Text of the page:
Labor Day invites us to reflect on our work Print E-mail
Seeing with Jesus' Eyes
Thursday, Aug. 31, 2017 -- 12:00 AM

Labor Day has become a day of parades, picnics, and political speeches. Many see this day as a celebration of summer's end, the beginning of school, and one more chance to relax before fall's busyness. Labor Day did not begin with this intention.

On September 5, 1882, the first Labor Day celebration and parade in the United States were held in New York City. Thousands of workers marched in a parade up Broadway carrying banners that read: "EIGHT HOURS FOR WORK, EIGHT HOURS FOR REST, EIGHT HOURS FOR RECREATION.'' It became a federal holiday in 1894.

Reflecting on dignity of work

In 1891, in his ground-breaking encyclical Rerum Novarum, Pope Leo XIII outlined the rights of workers to a fair wage, safe working conditions, and formation of labor unions, while affirming the rights of property and free enterprise.

Labor Day offers us the opportunity to reflect upon the dignity of work, the necessity of work, and work's dangers.

The Book of Genesis tells us that originally work gave joy, satisfaction, and pleasure. After Adam and Eve's sin, work was seen as a curse. In Genesis 3:19, when God banished Adam and Eve from the Garden of Eden, God said, "In the sweat of your face shall you get bread to eat."

Work can be redemptive

In no. 2427 of the Catechism of the Catholic Church it says, ''Work honors the Creator's gifts and talents to us. Work can also be redemptive. By enduring the hardships of work in union with Jesus, the carpenter of Nazareth and the one crucified on Calvary, man collaborates in a certain fashion with the Son of God in his redemptive work. He shows himself to be a disciple of Christ by carrying his cross daily in the work he is called to accomplish.''

In Towards a Catholic Work Ethic, Ed Marciniak wrote, "Honest work and excellent craftsmanship extend God's creative work." Workers who make crutches, crucifixes, or build houses transform raw materials that God created into products that benefit others. Workers who grow crops, wait on tables, work with a computer, or prepare meals benefit others.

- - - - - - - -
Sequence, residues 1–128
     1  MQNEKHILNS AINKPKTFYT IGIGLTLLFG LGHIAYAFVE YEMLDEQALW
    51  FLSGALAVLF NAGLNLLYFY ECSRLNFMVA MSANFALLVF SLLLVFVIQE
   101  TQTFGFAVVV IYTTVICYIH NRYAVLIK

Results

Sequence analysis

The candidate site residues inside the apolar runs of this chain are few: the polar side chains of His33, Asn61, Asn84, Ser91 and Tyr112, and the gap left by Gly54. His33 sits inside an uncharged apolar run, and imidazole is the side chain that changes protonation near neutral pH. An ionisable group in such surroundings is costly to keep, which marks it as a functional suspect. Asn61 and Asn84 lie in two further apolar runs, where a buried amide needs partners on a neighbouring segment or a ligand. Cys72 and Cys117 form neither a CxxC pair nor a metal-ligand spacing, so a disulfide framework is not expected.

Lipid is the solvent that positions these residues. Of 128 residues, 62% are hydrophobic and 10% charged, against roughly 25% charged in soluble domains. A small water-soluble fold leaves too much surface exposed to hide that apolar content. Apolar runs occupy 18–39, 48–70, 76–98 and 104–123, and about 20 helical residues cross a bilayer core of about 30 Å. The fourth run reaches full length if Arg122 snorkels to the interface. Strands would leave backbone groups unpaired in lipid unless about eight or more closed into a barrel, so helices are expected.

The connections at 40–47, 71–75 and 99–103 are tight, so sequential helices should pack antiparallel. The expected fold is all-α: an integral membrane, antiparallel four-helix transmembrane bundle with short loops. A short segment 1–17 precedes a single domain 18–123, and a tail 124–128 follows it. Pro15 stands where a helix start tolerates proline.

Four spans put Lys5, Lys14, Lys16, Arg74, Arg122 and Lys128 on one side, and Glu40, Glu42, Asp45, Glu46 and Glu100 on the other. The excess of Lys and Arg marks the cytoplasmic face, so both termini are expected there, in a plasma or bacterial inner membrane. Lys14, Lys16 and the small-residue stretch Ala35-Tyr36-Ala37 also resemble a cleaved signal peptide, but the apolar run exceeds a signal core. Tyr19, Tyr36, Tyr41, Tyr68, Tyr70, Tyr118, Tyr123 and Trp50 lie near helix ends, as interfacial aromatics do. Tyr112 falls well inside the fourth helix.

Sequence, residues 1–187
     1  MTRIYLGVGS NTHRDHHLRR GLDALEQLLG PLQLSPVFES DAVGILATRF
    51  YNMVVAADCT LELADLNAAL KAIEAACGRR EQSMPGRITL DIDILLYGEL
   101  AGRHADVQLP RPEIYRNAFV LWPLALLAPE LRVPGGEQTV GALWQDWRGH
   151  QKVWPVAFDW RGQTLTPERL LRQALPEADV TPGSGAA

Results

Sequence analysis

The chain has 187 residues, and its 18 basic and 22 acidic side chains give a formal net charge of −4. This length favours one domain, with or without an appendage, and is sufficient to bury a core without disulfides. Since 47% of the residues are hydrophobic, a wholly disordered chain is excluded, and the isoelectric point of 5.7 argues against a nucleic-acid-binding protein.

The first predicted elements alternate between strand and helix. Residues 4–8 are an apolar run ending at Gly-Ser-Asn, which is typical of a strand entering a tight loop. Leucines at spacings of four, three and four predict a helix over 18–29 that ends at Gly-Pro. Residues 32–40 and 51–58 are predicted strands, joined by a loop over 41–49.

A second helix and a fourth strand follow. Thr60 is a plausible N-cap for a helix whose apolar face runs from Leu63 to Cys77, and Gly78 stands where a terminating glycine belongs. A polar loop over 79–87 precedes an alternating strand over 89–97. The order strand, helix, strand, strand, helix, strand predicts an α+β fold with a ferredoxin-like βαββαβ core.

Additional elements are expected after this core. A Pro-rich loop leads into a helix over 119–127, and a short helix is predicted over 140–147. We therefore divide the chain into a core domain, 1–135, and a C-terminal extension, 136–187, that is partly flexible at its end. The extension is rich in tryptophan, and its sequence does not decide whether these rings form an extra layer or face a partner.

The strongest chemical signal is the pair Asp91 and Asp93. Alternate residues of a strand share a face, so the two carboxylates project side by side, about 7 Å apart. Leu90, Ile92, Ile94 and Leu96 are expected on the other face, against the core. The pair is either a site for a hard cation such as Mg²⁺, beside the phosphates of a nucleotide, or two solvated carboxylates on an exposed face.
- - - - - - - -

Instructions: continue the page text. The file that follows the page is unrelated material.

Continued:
Finding joy in our work

We enjoy doing what we do well. Finding joy and satisfaction in our work is a gift. Doing our best at work helps to build character.

Judge Charles Corkery wrote an eloquent obituary about the Venerable Fr. Samuel Mazzuchelli that included him enjoying his work. He wrote, "There he is high up on the scaffold, sleeves tucked up, industriously at work in brick and mortar. In the evening he is in the pulpit discoursing on some abstruse question of Christian philosophy. Tomorrow he lectures before the governor, judges, and legislatures on the science of political economy, but always and everywhere present when the sacred duty of the ministry required. Wonderful little man!"

A mother said, "With six growing children, my work includes changing diapers, making ends meet, cleaning, washing, planning, encouraging my family, and much more. My husband and I offer our work to God, and we try our best to help our children grow in faith. We believe that our work is holy."

Reducing joblessness

Today, millions are without work and millions more are underemployed, working at part-time jobs or jobs that do not pay a decent wage.

Society has a moral obligation to reduce joblessness because it is through work that families are sustained, children are nurtured, and the future is secured.

On this Labor Day, September 4, let us ask St. Joseph, the patron saint of workers, to pray for us. Let us thank God for the talents and work he has given us to do and use them to help build God's kingdom on earth. Finally, let us pray that the jobless find work that sustains their family and secures their future.


Fr. Donald Lange is a pastor emeritus in the Diocese of Madison.